Well-informed patients also make far fewer unnecessary phone calls to their consultant and physiotherapist. They’re less likely to make panic visits to emergency departments or clinics, and there are fewer readmissions due to reinjury or poor healing, Harte continues. ‘But it’s important to understand that the app isn’t designed to replace a nurse, doctor or physiotherapist, but to reduce unnecessary contact time. It helps to achieve that gold standard of care. Data already suggests that using myrecovery can reduce the number of post-operative phone calls to the clinical team by 40 per cent.’

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The app currently comprises one standard module for each surgical procedure, but Harte, Sylvan and the 10-strong myrecovery team ultimately aim to tailor each module to specific cohorts of patients, such as those of different ages. ‘A 48-year-old undergoing a knee-replacement operation won’t necessarily have the same treatment journey as an 80-year-old,’ Harte explains. ‘We want to address the pain points for subsets of patients as they recover, and these pain points may include how easy it is to sit at a desk after four weeks, or how soon a patient might be able to negotiate public transport.’

Rolling out to the US and the NHS

The app is now free for patients in the private sector. There are also plans to roll it out in the US. Harte and Sylvan have both been awarded NHS clinical entrepreneur fellowship status for their development of myrecovery. The app isn’t yet available to NHS patients, but that may change soon, Harte hints. ‘We’re hoping that a number of NHS trusts will launch the app within the next couple of months.’

He stresses that while opportunities for apps to support patients through medical intervention and recovery is evident, it’s important that developers focus on what they’re good at. ‘It’s said that digital health is the fourth most trusted resource for healthcare information. We believe that if information, guidance and advice is to be completely reliable, it should come from the clinicians themselves and be directed to only those undergoing the relevant procedure. You can’t give the same advice to a patient undergoing an elective knee replacement and to someone having a hip replacement.’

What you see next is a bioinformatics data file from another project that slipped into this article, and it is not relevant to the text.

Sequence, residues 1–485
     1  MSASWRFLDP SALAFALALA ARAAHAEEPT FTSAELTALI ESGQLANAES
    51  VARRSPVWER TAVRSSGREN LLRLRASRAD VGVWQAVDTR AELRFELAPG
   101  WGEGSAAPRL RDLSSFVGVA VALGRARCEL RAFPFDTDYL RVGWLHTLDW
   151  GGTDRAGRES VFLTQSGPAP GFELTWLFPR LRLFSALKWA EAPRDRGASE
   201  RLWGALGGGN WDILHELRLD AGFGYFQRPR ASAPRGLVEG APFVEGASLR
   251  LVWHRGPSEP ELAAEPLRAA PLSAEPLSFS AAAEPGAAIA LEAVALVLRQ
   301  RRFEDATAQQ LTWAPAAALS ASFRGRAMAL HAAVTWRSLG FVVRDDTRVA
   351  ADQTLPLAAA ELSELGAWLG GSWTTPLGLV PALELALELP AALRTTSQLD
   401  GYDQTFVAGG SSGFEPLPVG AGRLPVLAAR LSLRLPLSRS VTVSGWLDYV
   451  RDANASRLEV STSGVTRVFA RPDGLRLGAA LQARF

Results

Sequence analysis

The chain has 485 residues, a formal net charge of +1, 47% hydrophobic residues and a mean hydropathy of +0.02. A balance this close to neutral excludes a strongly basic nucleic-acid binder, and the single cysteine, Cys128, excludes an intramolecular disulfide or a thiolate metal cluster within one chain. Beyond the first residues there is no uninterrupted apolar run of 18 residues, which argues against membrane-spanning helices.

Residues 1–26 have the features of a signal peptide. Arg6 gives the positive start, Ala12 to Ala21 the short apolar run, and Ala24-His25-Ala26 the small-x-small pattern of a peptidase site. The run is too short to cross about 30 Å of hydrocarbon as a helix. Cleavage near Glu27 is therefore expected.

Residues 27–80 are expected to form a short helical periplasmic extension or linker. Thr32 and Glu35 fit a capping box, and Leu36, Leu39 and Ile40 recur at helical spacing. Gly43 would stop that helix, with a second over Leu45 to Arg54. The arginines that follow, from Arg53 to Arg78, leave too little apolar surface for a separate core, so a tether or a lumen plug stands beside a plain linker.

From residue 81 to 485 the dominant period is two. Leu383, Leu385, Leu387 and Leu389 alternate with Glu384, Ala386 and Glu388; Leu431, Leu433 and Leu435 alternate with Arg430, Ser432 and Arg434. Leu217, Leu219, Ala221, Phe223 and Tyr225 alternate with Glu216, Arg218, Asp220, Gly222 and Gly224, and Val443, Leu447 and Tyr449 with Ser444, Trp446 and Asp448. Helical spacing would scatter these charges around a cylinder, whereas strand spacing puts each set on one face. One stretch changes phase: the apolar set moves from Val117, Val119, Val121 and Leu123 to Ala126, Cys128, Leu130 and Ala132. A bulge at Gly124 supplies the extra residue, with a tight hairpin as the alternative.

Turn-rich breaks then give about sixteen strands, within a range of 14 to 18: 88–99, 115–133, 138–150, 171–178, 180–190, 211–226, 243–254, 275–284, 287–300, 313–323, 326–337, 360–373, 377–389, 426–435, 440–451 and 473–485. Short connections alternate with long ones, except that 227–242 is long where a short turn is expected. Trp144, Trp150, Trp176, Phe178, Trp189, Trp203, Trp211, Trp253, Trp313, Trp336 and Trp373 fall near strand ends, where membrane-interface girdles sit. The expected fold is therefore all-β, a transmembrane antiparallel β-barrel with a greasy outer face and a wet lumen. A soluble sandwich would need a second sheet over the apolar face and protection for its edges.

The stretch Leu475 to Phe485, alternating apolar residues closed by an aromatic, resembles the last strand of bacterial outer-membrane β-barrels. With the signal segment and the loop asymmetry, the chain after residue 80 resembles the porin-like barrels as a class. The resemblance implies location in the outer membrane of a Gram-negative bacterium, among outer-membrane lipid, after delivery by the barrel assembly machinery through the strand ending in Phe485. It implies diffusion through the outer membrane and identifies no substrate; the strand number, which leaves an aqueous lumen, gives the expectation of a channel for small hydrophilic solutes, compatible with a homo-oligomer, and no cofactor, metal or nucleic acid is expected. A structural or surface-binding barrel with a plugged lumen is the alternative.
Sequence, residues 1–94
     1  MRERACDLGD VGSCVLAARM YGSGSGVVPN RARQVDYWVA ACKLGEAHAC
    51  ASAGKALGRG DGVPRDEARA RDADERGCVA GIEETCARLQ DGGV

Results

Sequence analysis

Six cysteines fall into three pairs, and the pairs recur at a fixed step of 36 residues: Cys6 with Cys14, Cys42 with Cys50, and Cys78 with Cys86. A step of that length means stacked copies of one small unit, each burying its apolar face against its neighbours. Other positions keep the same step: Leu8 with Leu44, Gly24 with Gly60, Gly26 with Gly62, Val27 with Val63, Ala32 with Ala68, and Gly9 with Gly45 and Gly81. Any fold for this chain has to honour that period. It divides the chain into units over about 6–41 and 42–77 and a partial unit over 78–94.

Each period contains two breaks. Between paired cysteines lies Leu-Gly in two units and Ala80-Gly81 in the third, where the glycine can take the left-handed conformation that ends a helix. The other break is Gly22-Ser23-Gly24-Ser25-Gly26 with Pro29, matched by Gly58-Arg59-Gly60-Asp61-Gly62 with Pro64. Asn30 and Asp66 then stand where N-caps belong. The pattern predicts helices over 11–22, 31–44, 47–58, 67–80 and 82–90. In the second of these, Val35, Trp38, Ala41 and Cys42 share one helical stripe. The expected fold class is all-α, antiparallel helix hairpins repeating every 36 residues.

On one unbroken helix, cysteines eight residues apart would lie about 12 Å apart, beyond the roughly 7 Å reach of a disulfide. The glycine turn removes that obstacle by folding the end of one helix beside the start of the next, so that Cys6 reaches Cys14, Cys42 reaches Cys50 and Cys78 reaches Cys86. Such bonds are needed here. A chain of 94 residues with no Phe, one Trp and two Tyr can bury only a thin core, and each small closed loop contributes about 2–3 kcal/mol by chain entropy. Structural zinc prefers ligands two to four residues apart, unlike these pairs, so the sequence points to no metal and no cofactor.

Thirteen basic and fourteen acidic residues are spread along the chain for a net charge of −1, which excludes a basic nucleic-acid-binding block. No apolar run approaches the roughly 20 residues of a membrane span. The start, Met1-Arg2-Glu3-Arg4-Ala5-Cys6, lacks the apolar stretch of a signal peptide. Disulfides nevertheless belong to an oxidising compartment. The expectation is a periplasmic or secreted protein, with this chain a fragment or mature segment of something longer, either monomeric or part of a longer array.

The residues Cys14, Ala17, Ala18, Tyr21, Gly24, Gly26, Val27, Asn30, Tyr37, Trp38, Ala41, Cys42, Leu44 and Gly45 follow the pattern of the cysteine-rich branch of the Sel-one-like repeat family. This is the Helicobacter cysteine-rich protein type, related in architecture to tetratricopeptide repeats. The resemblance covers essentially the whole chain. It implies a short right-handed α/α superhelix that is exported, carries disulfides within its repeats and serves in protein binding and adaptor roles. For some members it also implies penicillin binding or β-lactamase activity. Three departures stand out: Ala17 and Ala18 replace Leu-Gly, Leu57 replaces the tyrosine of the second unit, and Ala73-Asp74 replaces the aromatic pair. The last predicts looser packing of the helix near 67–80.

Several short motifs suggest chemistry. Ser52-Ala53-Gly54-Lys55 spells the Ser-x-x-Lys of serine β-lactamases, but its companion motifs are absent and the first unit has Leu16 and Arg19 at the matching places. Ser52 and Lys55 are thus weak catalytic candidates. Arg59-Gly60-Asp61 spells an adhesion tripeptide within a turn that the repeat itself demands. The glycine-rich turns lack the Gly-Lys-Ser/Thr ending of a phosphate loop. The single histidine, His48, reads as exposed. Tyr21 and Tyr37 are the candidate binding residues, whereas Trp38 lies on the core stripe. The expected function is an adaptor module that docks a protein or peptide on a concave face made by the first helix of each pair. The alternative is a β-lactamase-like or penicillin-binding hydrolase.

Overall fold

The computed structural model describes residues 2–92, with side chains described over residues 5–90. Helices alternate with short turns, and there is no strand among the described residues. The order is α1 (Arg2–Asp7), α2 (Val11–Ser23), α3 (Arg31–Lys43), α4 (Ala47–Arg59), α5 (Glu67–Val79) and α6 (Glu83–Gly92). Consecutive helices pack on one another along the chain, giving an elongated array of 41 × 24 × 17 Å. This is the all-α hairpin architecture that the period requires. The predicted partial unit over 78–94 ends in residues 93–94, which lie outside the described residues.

A new norm in patient care

Harte and Sylvan have taken a break from full-time clinical practice to concentrate on developing and rolling out myrecovery. The team will continue to expand the app to encompass different elective orthopaedic surgery procedures, but there are no plans to branch out into different specialties.

Tom Harte and Axel Sylvan

Tom Harte and Axel Sylvan

‘Estimates suggest that the US market for knee and hip replacements alone is worth some $65 billion a year, and is set to grow fourfold by 2030. That’s a big enough market for us. We’ll stick to our area of expertise, where we know that we can deliver the most clinically and lifestyle-relevant content for patients. There’s huge opportunity for growth just within the orthopaedics market, and for us to provide increasingly more detailed, patient-focused support and care for each type of surgery. Ultimately, the feedback from this type of interaction could help clinicians to devise even more effective recovery programmes for patients.’

While myrecovery may not be thought of as medtech in the traditional sense, this is more a case of semantics, Harte suggests. ‘The term “medical technology” surpassed hardware and equipment a couple of years ago. I believe that we’ll also move away from the phrase “digital health” in the next couple of years, as it just becomes part of everything that we do in healthcare. It’s already happened in other industries. We no longer refer to “digital banking”, or even “online banking” any more, for example, it’s just the new standard that we expect. The next stage will be an expansion in our use of Big Data and the continued development of capabilities in fields such as machine intelligence.’

About the author

Sophia Ktori writes about pharmaceutical, biotechnology, life sciences, healthcare and medtech for academic and scientific publications.